PowerShell goes open source, comes to Linux and MacOS
Microsoft releases its scripting tool to non-Windows platforms
PowerShell, Microsoft's scripting and automation tool for Windows, is being open sourced, with alpha versions coming for Linux and MacOS.
The company announced the tool will be released for the Red Hat, CentOS and Ubuntu distros as well as OS X, with binaries and source code available via GitHub.
"In the past, Microsoft's business focus meant that .NET, and thus PowerShell, were only available on Windows. But this is a new Microsoft," Jeffrey Snover, a technical fellow with the company's enterprise cloud group, wrote in an official blog post.
"Satya's leadership and Azure have shifted us to a more open, customer-centric, mindset," he wrote. "Microsoft wants to earn customers' preference as the platform for running all their workloads - Linux as well as Windows."
The announcement marks Microsoft's latest effort to court the open source community, and follows the decision to bring .Net Core to non-Windows platforms earlier this year.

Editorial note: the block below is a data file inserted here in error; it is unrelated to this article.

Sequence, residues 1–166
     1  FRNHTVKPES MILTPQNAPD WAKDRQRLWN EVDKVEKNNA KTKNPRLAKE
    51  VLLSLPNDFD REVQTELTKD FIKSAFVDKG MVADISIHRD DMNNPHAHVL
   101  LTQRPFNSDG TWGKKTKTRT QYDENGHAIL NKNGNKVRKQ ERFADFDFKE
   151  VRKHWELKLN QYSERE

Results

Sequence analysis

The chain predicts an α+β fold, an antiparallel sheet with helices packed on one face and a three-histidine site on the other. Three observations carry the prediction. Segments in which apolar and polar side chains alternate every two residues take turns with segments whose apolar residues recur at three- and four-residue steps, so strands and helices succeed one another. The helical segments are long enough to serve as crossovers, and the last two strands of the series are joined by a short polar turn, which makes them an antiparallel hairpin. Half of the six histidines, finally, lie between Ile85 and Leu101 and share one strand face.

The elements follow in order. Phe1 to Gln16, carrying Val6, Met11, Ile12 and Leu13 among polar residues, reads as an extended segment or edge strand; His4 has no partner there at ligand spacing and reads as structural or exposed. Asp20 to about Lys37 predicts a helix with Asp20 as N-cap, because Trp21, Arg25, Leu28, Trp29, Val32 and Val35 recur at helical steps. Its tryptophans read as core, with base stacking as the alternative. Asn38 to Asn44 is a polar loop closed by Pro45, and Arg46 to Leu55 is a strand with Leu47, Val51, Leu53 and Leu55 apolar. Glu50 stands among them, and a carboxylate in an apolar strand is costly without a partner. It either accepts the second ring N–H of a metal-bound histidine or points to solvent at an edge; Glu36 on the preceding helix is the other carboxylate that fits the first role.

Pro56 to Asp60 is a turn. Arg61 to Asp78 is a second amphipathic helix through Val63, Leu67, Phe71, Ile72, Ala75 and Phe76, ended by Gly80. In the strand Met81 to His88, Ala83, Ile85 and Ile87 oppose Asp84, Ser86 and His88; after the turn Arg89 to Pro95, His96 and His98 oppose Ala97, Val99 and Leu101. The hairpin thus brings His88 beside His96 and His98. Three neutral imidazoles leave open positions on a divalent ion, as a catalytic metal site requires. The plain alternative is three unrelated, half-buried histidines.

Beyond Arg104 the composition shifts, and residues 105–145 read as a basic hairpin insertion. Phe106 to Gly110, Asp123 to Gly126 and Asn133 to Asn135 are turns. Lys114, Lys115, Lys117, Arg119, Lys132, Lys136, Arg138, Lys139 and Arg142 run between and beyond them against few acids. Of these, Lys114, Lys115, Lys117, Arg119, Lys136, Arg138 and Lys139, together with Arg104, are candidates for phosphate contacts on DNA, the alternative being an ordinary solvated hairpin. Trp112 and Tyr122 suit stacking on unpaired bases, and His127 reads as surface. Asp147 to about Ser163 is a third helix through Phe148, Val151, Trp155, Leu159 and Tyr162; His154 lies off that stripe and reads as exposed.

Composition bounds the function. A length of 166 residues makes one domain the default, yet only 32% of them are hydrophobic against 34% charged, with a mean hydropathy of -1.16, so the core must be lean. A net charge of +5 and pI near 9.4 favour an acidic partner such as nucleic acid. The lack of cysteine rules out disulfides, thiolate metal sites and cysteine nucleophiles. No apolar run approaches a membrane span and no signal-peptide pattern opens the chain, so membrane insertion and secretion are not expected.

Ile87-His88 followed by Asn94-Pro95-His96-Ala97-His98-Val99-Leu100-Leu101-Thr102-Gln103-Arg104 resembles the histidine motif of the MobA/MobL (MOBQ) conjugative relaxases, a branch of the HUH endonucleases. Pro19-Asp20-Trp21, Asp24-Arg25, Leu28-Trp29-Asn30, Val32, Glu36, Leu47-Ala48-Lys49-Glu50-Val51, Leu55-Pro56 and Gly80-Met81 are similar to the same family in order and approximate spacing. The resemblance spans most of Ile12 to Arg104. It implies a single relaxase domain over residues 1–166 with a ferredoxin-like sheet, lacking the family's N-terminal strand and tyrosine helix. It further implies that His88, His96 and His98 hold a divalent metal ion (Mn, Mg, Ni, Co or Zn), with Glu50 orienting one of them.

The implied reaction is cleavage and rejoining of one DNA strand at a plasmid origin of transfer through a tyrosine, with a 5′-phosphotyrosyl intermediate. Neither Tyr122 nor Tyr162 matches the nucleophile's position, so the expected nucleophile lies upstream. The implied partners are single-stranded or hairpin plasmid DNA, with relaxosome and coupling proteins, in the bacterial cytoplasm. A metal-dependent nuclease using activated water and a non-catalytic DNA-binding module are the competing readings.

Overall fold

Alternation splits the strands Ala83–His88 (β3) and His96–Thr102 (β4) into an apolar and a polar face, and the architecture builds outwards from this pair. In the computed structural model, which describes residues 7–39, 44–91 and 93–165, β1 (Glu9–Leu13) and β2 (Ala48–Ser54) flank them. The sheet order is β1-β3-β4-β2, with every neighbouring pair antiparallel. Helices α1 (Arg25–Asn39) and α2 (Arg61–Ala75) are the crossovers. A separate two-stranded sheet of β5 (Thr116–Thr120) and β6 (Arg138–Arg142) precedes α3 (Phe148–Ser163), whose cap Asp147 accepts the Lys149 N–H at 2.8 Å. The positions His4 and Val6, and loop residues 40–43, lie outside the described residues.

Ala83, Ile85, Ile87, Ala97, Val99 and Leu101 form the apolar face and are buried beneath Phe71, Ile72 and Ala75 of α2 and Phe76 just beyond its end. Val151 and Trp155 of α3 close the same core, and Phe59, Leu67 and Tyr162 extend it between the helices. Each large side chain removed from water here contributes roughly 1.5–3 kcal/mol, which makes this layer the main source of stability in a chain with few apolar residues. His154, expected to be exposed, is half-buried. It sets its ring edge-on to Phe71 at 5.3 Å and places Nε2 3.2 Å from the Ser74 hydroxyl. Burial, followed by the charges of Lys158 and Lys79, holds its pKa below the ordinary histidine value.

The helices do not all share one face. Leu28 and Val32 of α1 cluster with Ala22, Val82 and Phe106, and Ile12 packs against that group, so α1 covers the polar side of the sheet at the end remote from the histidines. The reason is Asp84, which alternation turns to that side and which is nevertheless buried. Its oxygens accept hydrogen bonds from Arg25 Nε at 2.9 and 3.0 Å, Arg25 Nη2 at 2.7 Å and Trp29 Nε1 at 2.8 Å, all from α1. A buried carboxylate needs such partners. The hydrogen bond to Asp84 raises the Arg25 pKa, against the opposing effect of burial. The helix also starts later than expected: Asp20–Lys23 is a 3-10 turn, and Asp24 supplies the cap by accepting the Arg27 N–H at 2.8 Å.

Opening up PowerShell to other operating systems is a win-win from the sysadmin and developer perspective. Not only will it allow Windows-based IT professionals to easily transfer their skills to increasingly popular Linux environments, having another weapon in their arsenal will doubtless please open source admins.
Microsoft has traditionally operated a distinctly closed ecosystem with regards to its back-end tools, but is now opening them up in order to lure more people onto its cloud platform.
The strategy appears to be working - Snover wrote that almost one in three Azure-hosted VMs run on Linux, with open source software making up close to 60% of the Azure Marketplace's third-party IaaS offerings.
Microsoft has even partnered with Amazon, with new AWS PowerShell cmdlets enabling customers to administer cloud services using the tool. Also announced was the launch of PowerShell Editor Service, allowing PowerShell to read Visual Studio Code and Sublime Text, with other editors to be forthcoming.
Some other features are in the works, too. Remote access for Linux is still being worked on, and Microsoft employees are currently the only ones who can submit git commits to the PowerShell repos.
The plan, Microsoft said, is to release Powershell on general availability at some point during the first half of 2017, but it said that it will be guided by the community, and when users think that it is ready.
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